In this article we outline the process by which you end a civil partnership, known as dissolution, and its similarities and differences to the standard divorce procedure.
What is a civil partnership?
In December 2005, the UK introduced civil partnerships. Designed to mirror a marriage, civil partnerships presented a method for same-sex couples to enter a legal union and receive the same legal recognition as married couples.
Since the introduction of civil partnerships, the UK legislation has seen several updates. 2013 marked a historic moment for the LGBT community with the legalisation of same-sex marriage and in 2019, the law surrounding civil partnerships was updated, allowing opposite-sex couples to make use of the process.
Couples wishing to enter a civil partnership must be over the age of 16 and not closely related – you must also ask for permission from a parent or guardian if you are under the age of 18.
The benefits of a civil partnership
Similarly to a marriage, civil partnerships offer several benefits, including:
- Potential tax advantages, such as inheritance tax exemptions, or the ability to transfer assets to each other tax free
- The right to inherit each other’s property, or make claims for financial support in the event of a separation
- Shared parental rights or the option to adopt a child jointly
- The option to apply for a residence visa, if one partner lives outside of the UK
- The ability to make decisions on behalf of their partner in the event of illness or injury
- For lesbian or gay couples, both birth and non-birth parents can appear on the birth certificate
If you need help or advice in relation to any of the proposed benefits listed above, get in contact with us today to connect you to a family law lawyer. Give us a call on 020 3795 9020, we can help.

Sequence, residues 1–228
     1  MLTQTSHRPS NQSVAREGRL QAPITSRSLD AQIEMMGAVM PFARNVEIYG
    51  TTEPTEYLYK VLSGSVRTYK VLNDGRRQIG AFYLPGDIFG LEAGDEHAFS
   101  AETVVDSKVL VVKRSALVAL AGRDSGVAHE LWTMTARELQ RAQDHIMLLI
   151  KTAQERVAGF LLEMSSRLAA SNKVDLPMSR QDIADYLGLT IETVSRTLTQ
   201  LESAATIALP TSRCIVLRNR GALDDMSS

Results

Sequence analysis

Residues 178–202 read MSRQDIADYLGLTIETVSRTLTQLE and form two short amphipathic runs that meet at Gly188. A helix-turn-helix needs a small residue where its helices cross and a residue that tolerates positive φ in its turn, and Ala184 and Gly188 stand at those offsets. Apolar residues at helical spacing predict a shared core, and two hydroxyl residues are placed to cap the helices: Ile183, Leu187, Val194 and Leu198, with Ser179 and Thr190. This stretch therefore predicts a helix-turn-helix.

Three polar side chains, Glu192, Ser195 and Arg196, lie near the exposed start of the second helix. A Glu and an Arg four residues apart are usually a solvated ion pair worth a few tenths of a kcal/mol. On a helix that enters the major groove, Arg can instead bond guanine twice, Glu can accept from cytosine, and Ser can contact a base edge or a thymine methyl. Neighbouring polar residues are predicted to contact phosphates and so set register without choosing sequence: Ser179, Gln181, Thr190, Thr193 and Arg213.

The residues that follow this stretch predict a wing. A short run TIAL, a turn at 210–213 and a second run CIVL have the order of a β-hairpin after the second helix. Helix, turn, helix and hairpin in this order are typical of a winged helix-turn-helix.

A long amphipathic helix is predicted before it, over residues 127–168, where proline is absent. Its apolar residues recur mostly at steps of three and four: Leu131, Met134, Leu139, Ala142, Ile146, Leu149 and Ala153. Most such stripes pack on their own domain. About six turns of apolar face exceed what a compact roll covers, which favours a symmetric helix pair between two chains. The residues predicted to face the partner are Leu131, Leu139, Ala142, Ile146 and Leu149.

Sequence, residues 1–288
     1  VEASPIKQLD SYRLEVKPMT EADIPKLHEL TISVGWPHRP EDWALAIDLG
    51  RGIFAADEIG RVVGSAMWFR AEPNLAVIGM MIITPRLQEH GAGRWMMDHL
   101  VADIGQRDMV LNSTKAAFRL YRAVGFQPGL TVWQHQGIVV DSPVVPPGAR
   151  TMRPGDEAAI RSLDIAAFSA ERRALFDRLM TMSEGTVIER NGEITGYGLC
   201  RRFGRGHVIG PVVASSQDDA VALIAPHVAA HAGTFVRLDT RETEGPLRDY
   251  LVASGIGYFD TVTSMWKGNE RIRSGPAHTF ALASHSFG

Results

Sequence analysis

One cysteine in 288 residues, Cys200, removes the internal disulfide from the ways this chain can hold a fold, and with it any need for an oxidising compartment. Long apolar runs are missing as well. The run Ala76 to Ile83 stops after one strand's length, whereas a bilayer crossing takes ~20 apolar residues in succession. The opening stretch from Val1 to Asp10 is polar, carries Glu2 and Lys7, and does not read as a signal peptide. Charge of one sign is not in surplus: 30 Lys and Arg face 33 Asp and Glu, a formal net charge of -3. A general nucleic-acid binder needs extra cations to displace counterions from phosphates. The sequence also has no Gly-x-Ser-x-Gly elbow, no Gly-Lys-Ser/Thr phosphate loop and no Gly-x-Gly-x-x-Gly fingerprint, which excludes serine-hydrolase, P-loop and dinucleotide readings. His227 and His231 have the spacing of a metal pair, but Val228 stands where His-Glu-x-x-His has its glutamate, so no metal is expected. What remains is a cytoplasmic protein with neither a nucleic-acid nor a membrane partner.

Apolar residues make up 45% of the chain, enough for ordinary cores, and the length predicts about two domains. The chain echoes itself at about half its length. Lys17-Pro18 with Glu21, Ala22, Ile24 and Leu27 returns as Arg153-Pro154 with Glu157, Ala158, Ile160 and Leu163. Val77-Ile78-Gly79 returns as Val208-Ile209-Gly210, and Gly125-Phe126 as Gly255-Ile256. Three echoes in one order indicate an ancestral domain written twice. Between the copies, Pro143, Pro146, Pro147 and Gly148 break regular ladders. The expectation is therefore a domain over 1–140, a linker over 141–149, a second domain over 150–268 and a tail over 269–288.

What is the difference between marriage and civil partnerships?
Civil partnership and marriage are much the same in their legal recognition and practice, but with some differences:
- Marriage legally requires marriage vows, whereas all you need for a civil partnership is the legal document
- Not all countries recognise civil partnerships – seek advice if you and/or your civil partner have concerns about travelling to a foreign country
- Divorce ends a marriage. Dissolution ends a civil partnership
What is dissolution?
Dissolving is essentially the formal ending of a civil partnership and follows more or less the same process as divorce. As with a marriage, you must have been in your civil partnership for at least 1 year to apply for a dissolution.
Once a decision has been made to end your civil partnership, you will make an application to the court.
Until recently, you had to state your grounds for a dissolution from 5 categories. Following the introduction of no-fault divorce in 2022, you can now apply without needing to give grounds or reasons for your decision.
The Dissolution Process
Applying for a conditional order
You can apply for a conditional order once your partner has agreed to a dissolution of your civil partnership. A conditional order is a document that outlines the fact there is no legal reason why you and your partner cannot end the civil partnership. The next stage will be applying for a final order.
If your partner disagrees with ending your civil partnership at this stage, you will both need to attend court to discuss the case so that a judge can determine whether to grant you the conditional order or not.